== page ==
See new West Seattle public-school ‘bell times,’ just finalized by the School Board

The Seattle School Board has approved the final revised list of “bell time” changes for next school year. First, the announcement, followed by the current and future times for all schools in this area:

The Seattle School Board voted 6-1 Wednesday evening, to adopt a Transportation Service Standard that would revise arrival and departure times for the 2016-17 school year. The changes to bell times will authorize the superintendent to implement the cost-neutral plan as recommended by the Board, allowing minor modifications as necessary for implementation. Additionally, the district reviewed recent community feedback and made the following adjustments:

· Change #1: Adjust all tiers 5 minutes earlier
· Change #2: Add a modification that allows the Superintendent to decrease the number of 3rd Tier schools if “actual routing during spring 2016” can adjust schools while maintaining the no cost option. We will be asking for schools to volunteer to be considered (through the principals) as we realize this may be considered disruptive by school communities and they may not wish to go through this process. Any changes would be announced prior to the end of the school year.

The recommendation reflects Seattle Public Schools’ extensive community and stakeholder outreach over the past year. This is in response to a resolution approved by the School Board in March of 2014 in response to ongoing discussions between School Boards and Superintendents since 2008, around the benefits of shifting to later start times for adolescents.

“We will become the largest district in the country to make this switch, and hopefully we will set a trend,” said Board Director Sharon Peaslee. “This is a historic moment.”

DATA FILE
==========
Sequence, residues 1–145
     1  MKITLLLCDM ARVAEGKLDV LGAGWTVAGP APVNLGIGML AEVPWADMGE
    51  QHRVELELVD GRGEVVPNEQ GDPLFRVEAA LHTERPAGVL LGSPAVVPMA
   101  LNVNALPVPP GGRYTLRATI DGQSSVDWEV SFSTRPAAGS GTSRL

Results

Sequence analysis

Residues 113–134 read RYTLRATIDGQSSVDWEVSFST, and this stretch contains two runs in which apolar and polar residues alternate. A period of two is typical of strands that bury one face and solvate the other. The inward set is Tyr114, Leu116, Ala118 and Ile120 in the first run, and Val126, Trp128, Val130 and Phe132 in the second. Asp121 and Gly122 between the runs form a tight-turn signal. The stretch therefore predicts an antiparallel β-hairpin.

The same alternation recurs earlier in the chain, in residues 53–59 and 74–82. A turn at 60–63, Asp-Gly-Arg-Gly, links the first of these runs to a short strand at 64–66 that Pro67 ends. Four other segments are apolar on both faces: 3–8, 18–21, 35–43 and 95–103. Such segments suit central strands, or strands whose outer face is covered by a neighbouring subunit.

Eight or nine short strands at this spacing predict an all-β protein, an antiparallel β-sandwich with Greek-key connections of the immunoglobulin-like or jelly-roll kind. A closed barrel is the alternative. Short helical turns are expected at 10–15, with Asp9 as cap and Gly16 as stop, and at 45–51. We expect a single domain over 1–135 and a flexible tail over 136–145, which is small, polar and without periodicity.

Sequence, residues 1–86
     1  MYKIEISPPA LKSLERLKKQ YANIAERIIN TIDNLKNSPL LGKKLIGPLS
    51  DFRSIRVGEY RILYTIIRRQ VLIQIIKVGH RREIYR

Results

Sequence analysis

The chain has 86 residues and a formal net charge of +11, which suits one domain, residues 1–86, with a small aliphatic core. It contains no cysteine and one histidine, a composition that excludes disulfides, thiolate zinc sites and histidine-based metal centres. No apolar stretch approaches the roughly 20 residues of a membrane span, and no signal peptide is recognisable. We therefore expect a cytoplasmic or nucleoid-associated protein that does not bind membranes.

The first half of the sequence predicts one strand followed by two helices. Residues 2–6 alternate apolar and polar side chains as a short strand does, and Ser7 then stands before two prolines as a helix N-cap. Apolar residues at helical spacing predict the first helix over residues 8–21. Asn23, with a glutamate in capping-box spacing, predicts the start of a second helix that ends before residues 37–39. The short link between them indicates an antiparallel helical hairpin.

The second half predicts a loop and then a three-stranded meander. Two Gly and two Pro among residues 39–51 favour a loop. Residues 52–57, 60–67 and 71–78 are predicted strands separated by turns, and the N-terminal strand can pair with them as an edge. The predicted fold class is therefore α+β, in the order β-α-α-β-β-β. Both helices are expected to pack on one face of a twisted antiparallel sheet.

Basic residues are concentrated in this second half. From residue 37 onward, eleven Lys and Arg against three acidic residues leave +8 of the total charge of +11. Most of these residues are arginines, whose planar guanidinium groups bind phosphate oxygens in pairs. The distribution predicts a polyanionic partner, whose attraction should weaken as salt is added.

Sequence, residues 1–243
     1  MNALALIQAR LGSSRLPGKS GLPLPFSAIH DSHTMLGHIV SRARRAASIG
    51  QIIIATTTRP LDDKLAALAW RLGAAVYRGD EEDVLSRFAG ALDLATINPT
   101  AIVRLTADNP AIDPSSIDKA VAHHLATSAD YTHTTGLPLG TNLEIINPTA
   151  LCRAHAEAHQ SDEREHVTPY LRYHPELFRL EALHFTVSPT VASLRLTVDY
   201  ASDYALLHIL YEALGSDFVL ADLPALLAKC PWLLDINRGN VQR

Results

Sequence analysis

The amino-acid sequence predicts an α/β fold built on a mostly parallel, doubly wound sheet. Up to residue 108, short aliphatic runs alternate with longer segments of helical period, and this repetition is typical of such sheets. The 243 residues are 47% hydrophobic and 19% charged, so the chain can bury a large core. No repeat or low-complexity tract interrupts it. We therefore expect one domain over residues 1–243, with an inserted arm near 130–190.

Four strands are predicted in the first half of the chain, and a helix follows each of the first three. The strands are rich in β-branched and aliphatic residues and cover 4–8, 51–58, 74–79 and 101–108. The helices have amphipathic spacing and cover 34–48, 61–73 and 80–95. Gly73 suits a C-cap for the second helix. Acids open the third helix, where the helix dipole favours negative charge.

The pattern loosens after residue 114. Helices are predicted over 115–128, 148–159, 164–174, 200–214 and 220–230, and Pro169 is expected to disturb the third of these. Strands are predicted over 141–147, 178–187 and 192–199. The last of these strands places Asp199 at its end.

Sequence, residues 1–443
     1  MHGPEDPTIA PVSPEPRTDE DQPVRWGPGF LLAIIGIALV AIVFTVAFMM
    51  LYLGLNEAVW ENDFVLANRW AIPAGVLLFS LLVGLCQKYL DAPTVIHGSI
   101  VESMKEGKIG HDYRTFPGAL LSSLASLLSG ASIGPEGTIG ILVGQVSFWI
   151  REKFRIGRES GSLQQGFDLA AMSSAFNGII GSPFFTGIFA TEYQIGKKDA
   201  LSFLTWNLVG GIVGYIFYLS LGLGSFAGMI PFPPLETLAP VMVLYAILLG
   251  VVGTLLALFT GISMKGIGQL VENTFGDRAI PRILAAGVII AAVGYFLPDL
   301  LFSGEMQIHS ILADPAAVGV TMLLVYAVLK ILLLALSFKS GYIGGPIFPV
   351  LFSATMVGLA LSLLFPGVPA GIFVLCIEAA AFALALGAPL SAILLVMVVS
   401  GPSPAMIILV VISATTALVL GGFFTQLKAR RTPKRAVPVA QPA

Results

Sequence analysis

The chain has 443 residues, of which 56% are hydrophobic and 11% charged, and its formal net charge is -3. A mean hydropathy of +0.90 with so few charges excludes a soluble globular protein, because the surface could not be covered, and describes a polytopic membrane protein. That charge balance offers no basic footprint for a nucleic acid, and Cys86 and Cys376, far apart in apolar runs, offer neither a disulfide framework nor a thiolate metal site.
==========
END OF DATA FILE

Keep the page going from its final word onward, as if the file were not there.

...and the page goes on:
The Resolution directed the Superintendent to determine feasibility, costs, impacts and logistics of shifting to later start times for adolescents, for implementation in the 2016-2017 school year, while continuing to simplify the transportation standards and align them with the Student Assignment Plan. The Bell Time Analysis is the outcome of this directive.

Transportation costs will increase in 2016/17 due to enrollment growth, boundary changes and Special Education program service updates. That amount is estimated to be $182,500.00.

It’s a big change for many local schools. From the citywide list in the last pages of this district document, here are the West Seattle times, now and next year (note that these are the actual start/end times, not the bus arrival/depart times that bookend them in the doc, and also remember that “this year” refers to this school year (2015-2016), while “next year” refers to next school year):


Chief Sealth International HS
*This year – 8:40-3:10
*Next year – 8:45-3:15

West Seattle High School
*This year – 7:50-2:20
*Next year – 8:45-3:15


Denny International MS
*This year – 7:50-2:20
*Next year – 7:55-2:25

Madison MS
*This year – 7:50-2:20
*Next year – 8:45-3:15


Louisa Boren K-8 STEM
*This year – 9:30-3:40
*Next year – 9:35-4:05

Pathfinder K-8
*This year – 8:40-3:10
*Next year – 8:45-3:15


*This year – 8:40-2:50
*Next year – 7:55-2:05

Arbor Heights (at Boren this year, new building next year)
*This year – 8:40-2:50
*Next year – 7:55-2:05

*This year – 9:30-3:40
*Next year – 7:55-2:05

Fairmount Park
*This year – 8:40-2:50
*Next year – 7:55-2:05

*This year – 8:40-2:50
*Next year – 7:55-2:05

Highland Park
*This year – 8:40-2:50
*Next year – 7:55-2:05

*This year – 9:30-3:40
*Next year – 9:35-3:45

*This year – 9:30-3:40
*Next year – 7:55-2:05

*This year – 9:30-3:40
*Next year – 7:55-2:05

Schmitz Park
*This year – 8:40-2:50
*Next year – 7:55-2:05

West Seattle
*This year – 8:40-2:50
*Next year – 7:55-2:05

It’s been four years since a district transportation-plan change pushed Concord, Lafayette, Roxhill, and Sanislo to 9:30 am start times; we covered Sanislo’s fight against it. Now, three of the four will be moved to the district’s near-universal 7:55-2:05 elementary schedule – all except for Lafayette.

56 Replies to "See new West Seattle public-school 'bell times,' just finalized by the School Board"

  • candrewb November 19, 2015 (5:56 am)

    Apologies if this has been answered to death, but I have never paid attention. Why are the start times so different between the same type of schools in the same district?

  • john November 19, 2015 (7:02 am)

    This makes no sense what so ever. My middle schooler goes an hour later and my elementary schooler an hour earlier! Our school board is whacked.

  • bsmomma November 19, 2015 (7:29 am)

    I am so disappointed with this.

  • AmandaKH November 19, 2015 (7:46 am)